How In House Litigation Can Help Big Law

From the perspective of an attorney who’s been there, done that, overall efficiency and the “work/life balance” of both a large corporation’s legal department and Big Law can be influenced in quite a few ways by an in-house attorney.

Jason Mark Anderman (pictured here) recently posted in Corporate Counsel about his experiences in a Fortune 500 corporation, handling contracts.  His biggest concern was that the workload wouldn’t be as challenging as when he had been practicing law at a firm.  That wasn’t the case at all.  “I still received work in my…areas of expertise but also handled… commercial leases, construction deals, life sciences sales, manufacturing arrangements, capital equipment matters and supply agreements.”  

If just reading that list makes the reader wince, that’s what life was like as in-house counsel for a large medical technology corporation.  His skill set improved considerably, most notably his drafting quality.   But along the way, he found room for a few improvements within the structure of the company. 

Although he realized that compromise is crucial in all arenas, he came to see that well-placed changes might offer solutions which would increase efficiency.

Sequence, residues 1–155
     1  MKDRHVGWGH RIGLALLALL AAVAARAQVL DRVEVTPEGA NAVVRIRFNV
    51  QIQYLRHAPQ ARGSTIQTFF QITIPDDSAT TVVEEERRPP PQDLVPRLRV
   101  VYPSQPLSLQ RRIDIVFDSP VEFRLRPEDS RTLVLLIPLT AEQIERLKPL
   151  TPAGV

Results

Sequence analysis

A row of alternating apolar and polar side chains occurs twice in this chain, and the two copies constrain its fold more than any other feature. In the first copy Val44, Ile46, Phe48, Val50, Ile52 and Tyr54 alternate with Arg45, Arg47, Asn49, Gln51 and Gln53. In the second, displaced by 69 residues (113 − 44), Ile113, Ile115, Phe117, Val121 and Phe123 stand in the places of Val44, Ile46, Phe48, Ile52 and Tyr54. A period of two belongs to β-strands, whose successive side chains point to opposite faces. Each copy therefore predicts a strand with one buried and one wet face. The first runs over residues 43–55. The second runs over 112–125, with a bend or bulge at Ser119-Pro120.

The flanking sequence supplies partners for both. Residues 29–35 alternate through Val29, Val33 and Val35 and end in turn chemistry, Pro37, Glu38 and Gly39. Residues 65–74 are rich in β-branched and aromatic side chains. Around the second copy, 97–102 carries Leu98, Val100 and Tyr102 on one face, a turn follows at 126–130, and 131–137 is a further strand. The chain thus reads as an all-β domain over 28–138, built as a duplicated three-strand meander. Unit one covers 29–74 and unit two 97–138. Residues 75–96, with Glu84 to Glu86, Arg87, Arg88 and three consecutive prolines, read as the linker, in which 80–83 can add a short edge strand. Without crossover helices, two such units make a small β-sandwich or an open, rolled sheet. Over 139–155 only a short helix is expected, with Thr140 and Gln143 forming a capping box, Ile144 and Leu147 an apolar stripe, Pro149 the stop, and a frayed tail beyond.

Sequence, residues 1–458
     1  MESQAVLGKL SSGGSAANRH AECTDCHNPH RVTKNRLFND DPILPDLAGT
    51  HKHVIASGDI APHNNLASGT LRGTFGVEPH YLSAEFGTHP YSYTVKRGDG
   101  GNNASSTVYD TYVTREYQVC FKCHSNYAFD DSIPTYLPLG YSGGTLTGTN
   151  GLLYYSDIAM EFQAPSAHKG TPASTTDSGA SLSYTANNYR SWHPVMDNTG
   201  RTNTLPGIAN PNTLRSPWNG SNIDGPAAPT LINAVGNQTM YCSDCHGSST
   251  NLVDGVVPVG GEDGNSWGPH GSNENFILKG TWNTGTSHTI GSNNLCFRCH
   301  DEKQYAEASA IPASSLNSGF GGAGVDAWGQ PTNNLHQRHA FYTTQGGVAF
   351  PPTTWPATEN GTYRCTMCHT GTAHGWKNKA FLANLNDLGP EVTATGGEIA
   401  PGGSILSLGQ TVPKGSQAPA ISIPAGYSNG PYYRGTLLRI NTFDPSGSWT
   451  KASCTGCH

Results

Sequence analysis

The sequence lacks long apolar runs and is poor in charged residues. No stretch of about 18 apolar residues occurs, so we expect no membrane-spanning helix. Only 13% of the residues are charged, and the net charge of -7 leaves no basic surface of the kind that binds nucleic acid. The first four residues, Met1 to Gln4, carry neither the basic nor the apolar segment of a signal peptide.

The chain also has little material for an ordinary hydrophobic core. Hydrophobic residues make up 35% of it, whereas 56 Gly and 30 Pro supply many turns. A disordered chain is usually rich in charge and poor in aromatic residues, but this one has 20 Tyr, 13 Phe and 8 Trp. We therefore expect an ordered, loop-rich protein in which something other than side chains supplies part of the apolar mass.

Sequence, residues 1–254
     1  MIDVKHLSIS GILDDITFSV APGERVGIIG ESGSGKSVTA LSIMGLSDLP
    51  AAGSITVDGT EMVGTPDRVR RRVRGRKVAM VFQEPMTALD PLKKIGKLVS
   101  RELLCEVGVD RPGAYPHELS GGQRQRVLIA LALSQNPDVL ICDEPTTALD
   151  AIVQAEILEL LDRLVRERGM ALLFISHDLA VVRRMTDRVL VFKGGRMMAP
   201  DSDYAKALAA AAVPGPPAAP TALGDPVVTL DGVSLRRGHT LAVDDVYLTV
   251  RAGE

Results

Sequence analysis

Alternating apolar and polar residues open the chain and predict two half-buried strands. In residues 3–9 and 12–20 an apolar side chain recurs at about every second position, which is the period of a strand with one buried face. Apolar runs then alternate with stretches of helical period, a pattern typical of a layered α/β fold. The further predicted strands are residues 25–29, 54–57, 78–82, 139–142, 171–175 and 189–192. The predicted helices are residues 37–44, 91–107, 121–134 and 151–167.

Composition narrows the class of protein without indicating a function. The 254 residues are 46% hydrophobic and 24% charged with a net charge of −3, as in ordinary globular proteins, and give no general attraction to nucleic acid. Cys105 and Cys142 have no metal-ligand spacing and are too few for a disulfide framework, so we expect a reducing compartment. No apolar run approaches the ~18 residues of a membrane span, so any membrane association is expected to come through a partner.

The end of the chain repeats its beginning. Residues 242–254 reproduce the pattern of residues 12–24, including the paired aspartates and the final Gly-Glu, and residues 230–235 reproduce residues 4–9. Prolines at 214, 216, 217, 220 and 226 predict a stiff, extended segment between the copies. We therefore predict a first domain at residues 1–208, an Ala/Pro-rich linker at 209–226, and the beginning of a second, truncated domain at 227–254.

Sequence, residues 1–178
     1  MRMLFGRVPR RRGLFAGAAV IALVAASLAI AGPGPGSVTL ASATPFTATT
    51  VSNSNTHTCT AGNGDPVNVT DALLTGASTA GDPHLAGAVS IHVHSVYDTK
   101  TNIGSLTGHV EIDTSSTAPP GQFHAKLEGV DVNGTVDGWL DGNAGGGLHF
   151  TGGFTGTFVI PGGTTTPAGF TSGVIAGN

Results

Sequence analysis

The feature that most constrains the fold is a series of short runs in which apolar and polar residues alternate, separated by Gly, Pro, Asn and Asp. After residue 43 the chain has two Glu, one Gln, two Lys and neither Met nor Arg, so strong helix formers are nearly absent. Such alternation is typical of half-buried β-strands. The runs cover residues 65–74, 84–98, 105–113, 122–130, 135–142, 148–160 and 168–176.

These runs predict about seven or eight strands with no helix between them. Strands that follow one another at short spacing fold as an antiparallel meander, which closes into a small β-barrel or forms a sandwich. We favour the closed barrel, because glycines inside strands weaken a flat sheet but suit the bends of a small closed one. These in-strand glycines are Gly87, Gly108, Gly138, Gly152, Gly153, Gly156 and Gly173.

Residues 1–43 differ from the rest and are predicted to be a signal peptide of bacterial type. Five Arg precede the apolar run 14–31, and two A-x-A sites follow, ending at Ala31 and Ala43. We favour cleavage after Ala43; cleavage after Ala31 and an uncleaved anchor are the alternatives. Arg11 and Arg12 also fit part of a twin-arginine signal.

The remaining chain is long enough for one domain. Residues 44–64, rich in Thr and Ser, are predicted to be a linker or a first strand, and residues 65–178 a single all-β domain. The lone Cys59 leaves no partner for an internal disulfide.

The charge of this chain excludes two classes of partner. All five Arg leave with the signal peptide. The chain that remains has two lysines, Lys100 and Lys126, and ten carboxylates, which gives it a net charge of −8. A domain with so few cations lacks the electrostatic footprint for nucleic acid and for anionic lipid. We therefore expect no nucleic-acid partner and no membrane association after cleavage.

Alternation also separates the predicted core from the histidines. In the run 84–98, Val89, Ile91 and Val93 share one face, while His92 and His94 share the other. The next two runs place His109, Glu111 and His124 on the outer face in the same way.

For instance, law departments, he said, tend to be “flat places”.  By that, he means that “it’s routine for a newly-hired lawyer to be doing the exact same work as an associate general counsel.”  He would prefer to see someone who’s familiar with the ins-and-outs of a company to provide a different role within the infrastructure.      

Anderman also likens the legal resources to one big pool of money…some going to outside counsel, some to in-house attorneys.  He supports the concept that monies and brain power can be better allocated by taking the in-house attorney’s workload, outsourcing it to a third-party legal provider, and having that provider product “higher-quality work in a timely manner for a lower price”. 

That, Anderman believes, would leave “transactional attorneys” [who are hired to write contracts that protect clients when things go wrong; see resource, below] to “develop the best knowledge management systems” they can.  Anderman would also have this in-house attorney deploying these systems with law firms and legal process outsourcing companies. They would do this using document assembly and workflow software.  

For more on Anderman’s efficiency-promoting ideas, go to:

And if you’d like to read a thought-provoking definition of a transactional attorney, go here:



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